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Title: The analysis of design methods by a comparative study of award-winning industrial architecture (1970-1990).
Author: Holness, Nelson Anthony.
ISNI:       0000 0001 3580 8809
Awarding Body: University of Northumbria at Newcastle
Current Institution: Northumbria University
Date of Award: 2000
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This thesis advances a proposition that designers of exemplary industrial buildings adopt design heuristics based on evolving conceptual prototypes. The detail design priorities and formal expressions may vary, but the essential structure of their design solution search patterns should show a high degree of commonality. This commonality is based on the balance between rational and intuitive strategies for design decision making. Therefore it is the central objective of this thesis to demonstrate that a pattern between these two cognitive approaches to design thinking occurs across the cases investigated. The research was organised as a comparative study of the design process used by a selection of designers to design industrial buildings which subsequently received design awards for the quality of their design. Through a series of six case studies using semi-structured interviews and follow-up repertory grid analysis, data was obtained which allowed the various design methods to be recorded, analysed and compared. A control sample of designers of non award winning industrial buildings was also conducted as a comparison to validate the classification of designers on the basis of design quality on the grounds of design awards. The thesis will propose that each designer resorted to a constantly evolving genenc 'prototype' for the design of industrial buildings which helps reduce the search area for a design solution. Therefore relatively little time is required to analyse the problem at the beginning of the process before a suitable solution is formulated. The prototype allows the designers to quickly identify aspects of the design that might prove problematic and hence require specific attention. The strategy is then one of rational analysis to solve specific problems rather than an extensive rationally based development of the whole design. Hence the supporting role of rationally based techniques during the design process. Finally, the familiarity that comes from using a design method based on a constantly evolving prototype provides the designer with greater 'outcome certainty', in that they have an increased likelihood of achieving a successful design as the potential of the prototype is known to the designer at the commencement of the project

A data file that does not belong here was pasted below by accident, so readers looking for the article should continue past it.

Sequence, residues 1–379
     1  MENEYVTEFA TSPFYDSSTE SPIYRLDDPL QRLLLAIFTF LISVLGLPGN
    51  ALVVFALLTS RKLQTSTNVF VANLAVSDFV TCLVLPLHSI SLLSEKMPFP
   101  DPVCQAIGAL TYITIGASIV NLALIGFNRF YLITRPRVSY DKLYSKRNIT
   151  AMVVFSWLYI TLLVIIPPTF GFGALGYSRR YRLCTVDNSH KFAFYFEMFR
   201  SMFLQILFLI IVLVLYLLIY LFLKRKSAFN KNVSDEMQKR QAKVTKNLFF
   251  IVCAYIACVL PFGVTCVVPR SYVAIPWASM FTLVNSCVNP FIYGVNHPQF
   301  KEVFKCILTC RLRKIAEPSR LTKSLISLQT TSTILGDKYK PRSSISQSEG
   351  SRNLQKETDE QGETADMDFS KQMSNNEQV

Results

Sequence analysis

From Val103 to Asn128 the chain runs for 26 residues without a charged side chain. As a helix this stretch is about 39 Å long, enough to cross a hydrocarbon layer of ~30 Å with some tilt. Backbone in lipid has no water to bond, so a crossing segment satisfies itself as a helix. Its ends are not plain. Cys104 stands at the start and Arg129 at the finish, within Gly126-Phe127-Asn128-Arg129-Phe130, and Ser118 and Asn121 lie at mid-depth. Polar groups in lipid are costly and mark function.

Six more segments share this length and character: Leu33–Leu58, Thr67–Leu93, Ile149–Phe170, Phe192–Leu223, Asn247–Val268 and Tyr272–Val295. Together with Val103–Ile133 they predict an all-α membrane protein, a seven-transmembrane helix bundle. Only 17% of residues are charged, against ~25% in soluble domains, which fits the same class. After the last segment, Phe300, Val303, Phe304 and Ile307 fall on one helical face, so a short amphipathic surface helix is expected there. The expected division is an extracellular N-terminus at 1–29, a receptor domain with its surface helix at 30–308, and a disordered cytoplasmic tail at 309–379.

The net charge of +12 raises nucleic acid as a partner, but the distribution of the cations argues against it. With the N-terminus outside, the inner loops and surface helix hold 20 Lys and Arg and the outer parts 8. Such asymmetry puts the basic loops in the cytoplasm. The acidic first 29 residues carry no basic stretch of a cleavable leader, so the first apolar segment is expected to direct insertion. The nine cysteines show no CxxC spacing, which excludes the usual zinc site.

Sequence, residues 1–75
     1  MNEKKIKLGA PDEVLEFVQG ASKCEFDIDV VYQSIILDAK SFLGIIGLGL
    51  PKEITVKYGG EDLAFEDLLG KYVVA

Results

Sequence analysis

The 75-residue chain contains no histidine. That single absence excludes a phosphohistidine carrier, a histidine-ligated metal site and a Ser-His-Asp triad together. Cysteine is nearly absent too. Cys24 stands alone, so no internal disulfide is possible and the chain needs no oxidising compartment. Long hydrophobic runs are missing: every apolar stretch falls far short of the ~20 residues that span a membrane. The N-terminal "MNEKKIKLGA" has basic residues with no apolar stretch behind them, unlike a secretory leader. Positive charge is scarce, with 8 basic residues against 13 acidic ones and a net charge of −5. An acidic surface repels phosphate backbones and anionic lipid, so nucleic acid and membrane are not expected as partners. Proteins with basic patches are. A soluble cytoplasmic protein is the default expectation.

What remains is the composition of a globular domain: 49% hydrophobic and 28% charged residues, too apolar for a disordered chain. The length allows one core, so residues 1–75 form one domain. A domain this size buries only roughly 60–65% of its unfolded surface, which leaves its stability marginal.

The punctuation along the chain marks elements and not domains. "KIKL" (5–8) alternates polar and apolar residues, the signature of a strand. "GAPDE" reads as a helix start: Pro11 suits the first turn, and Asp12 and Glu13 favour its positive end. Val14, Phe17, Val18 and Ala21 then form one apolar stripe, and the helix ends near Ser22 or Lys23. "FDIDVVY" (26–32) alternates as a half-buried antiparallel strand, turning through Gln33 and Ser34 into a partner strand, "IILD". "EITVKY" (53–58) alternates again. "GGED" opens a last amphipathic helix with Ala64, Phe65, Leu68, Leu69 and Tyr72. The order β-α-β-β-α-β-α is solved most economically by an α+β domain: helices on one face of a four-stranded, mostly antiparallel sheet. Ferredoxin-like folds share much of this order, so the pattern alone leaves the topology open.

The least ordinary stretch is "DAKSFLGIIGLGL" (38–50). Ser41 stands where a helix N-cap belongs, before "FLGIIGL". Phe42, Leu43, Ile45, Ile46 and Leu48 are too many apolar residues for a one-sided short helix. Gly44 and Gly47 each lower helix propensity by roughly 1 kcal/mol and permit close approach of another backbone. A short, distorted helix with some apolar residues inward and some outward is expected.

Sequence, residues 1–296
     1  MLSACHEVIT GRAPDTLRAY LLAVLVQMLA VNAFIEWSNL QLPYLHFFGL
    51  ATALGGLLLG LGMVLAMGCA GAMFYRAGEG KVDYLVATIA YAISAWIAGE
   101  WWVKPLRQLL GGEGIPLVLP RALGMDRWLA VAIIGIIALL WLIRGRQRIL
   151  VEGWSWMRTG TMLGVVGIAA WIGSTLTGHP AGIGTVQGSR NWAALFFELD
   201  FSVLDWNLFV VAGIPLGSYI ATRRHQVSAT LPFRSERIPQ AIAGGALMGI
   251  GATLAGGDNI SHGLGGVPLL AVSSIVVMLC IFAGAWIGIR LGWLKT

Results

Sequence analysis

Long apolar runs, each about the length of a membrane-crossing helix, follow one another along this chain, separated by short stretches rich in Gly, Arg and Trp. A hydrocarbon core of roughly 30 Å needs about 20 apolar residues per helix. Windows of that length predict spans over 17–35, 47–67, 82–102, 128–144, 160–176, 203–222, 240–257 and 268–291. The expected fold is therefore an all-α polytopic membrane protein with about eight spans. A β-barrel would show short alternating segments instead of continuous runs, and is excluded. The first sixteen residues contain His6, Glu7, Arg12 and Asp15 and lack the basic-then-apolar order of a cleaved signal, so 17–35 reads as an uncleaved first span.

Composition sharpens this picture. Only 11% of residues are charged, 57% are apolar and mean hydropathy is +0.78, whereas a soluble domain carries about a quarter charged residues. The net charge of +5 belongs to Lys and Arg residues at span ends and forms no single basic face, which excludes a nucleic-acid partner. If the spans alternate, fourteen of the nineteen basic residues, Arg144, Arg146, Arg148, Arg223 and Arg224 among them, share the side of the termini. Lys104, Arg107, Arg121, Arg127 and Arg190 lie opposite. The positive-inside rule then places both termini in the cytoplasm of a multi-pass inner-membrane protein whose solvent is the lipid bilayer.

Supervisor: Not available Sponsor: Not available
Qualification Name: Thesis (Ph.D.) Qualification Level: Doctoral
EThOS ID:  DOI: Not available
Keywords: Design; Engineering; Logic